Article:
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THE CASE OF SUSAN SMITH

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Social cognitive theory is well associated with the communication of health. Dealing with health communication means that the theory involves emotional, cognitive and behavioral changes. Ideally, the approach can explain different behavioral shifts in the health department. Social cognitive theory gives a picture of how individuals assimilate into new behaviors and how various patterns are developed (Victorino, 2011). By doing so, the theory provides plans on how such issues can be approached. Different theories have been developed to explain the behavioral change in people’s lives over the years. The difference comes up regarding how they approach the changes, the different motivations and the behaviors shown by individuals. In theory, it is assumed that development of a human is a life-long experience. According to Glanz et al (2002), the social cognitive theory involves the observation of sociological changes in a person’s adult life as well as their childhood life. One element of the social cognitive theory is the idea that when a person experiences different social practices, they show different behavior in response. It further shows that there are behaviors that are cultivated while others come naturally and may be suppressed. A proverbial assumption of the social cognitive theory is that people learn by observing.

>The social cognitive theory applies in the case of Susan Smith. Firstly, the environment in which Susan grew up contributed highly to her behavioral outcome. Cervone and Pervin (2016) explain that the physical factors that surround a person contribute to the behavioral changes that may be observed in the individual. The way a person perceives their environment will determine how their life will turn out. Ideally, having the knowledge and the technical abilities to deal with situations conforms a person to a specific way of life, whether the knowledge was acquired through observation or learning. In Susan Smith’s situation, the environment that she grew up in affected the person that she became as an adult. Susan grew up in a family where violence prevailed. The environment that Susan grew in was toxic and detrimental, especially for a child. She grew up understanding that violence was acceptable and that suicidal attempts were a normal thing. The environment shaped her into the insensitive person that she grew up to be. The lack of love between her parents triggered the lack of remorse and sensitivity that could be seen in Susan as an adult.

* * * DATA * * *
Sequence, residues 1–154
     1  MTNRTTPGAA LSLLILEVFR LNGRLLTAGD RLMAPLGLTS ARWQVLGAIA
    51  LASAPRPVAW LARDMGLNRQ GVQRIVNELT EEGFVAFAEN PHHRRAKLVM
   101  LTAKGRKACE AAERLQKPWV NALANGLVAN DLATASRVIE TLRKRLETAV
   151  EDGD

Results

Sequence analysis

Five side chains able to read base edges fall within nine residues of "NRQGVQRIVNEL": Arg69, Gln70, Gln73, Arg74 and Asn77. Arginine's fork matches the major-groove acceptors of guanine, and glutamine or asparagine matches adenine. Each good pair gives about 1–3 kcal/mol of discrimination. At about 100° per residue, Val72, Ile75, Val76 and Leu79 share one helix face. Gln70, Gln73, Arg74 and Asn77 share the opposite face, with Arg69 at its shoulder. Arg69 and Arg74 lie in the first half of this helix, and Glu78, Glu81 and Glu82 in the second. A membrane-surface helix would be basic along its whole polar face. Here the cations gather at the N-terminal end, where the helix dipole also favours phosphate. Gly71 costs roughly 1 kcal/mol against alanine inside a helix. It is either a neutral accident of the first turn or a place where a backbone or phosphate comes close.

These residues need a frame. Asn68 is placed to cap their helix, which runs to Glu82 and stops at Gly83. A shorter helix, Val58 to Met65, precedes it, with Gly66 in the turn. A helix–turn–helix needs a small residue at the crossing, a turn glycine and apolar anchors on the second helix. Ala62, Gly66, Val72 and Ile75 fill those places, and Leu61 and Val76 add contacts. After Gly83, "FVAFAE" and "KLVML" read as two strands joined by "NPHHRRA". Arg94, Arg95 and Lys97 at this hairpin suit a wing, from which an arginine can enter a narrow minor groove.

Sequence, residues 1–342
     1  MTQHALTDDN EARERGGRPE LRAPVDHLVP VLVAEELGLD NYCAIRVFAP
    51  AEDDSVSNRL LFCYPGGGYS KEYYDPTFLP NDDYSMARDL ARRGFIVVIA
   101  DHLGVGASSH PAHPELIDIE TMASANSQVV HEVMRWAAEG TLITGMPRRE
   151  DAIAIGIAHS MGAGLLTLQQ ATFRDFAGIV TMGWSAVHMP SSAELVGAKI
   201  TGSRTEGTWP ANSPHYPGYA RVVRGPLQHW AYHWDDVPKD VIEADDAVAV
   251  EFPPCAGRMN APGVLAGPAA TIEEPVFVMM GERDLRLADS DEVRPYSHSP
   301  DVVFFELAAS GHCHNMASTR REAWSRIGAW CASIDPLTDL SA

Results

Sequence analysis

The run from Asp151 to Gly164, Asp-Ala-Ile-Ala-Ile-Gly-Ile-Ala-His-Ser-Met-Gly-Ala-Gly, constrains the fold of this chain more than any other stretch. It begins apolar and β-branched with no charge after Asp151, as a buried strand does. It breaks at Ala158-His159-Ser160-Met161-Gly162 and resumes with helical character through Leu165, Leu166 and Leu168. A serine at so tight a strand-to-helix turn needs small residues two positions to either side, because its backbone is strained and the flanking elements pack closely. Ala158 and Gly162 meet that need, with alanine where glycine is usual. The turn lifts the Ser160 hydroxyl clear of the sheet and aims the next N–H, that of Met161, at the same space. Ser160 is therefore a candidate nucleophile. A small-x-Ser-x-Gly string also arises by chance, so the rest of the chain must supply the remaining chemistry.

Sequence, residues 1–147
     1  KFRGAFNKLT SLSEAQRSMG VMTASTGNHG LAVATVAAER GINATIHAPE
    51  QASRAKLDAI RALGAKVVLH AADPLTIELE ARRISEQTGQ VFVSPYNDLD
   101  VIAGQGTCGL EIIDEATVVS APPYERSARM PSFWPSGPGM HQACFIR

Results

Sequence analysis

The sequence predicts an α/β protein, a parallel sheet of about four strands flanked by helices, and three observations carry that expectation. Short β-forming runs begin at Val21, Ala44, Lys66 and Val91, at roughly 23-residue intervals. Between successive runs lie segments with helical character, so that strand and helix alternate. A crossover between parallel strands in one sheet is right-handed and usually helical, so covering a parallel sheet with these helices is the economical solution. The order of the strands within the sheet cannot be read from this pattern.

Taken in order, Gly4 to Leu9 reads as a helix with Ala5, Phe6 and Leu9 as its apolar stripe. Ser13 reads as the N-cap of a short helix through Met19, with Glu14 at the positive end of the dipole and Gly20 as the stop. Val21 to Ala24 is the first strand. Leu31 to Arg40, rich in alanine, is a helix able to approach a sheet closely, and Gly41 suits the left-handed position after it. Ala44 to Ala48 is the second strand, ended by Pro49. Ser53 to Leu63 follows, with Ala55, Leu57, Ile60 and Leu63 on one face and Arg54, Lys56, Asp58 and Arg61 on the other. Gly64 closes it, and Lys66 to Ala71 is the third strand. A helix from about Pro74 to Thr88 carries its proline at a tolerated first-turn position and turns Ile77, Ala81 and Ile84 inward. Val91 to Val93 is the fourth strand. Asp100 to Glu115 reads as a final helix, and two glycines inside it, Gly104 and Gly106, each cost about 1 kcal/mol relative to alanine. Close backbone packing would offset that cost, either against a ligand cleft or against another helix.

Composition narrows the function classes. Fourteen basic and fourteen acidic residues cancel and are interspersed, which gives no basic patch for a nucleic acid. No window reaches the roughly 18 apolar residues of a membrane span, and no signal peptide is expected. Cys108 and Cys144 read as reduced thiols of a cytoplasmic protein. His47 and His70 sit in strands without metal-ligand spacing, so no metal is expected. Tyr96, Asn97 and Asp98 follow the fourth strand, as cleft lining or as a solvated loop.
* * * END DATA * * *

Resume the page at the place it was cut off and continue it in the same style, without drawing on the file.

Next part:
>Secondly, the expectations that Susan had as a child molded her into the adult that she became. Glanz et al (2002) explain that the amount of importance that a person maintains on a situation presents itself as a behavior. If an individual values a situation because they believe it is the order, then their thoughts cannot change about the same issue. In Susan’s case, she grew up believing that divorce and lack of commitment to one person may be inevitable. Therefore, Susan remained close to her father and valued their relationship, making it easy for her to adapt her father’s tendencies. Susan also valued material possessions when she was growing up, thanks to her mother. It can be concluded that Susan grew up to a selfish person, who valued riches too much to become a killer. It is possible that Susan sacrificed her children because she wanted to find the comfort of a rich man. She constantly battles with the urge to escape her lonely life, which was filled with disappointments and uncertainties. She killed her children because she believed that they were in her way of her finding true love and happiness from Tom Findlay.

>Lastly, Susan lacked the ability to regulate her personal, goal-influenced behaviors. In turn, Susan became an observational learner and acquired most of her survival strategies from making observations. Victorino (2011) claims that an individual bears the ability to slowly become confident in carrying out certain activities boldly. Susan was faced with several situations that triggered a defensive mechanism in her. For instance, the constant molestation that Susan faced from her stepfather may have resulted to Susan developing a Self-efficacy mechanism in her defense. Additionally, the constant disappointments from her boyfriends affected her negatively, allowing her to develop emotional coping responses. Susan faced devastating situations that affected her emotionally. She became stressed when her first boyfriend left her, and could not bear with the rejection she faced from Tom Findlay. Susan’s responsibilities became overwhelming at some point, making it an issue of contention in her marriage. She slowly turned to her mother and became emotionally needy and dependent. The fact that she could not be with Tom Findlay drove her to murder her children.

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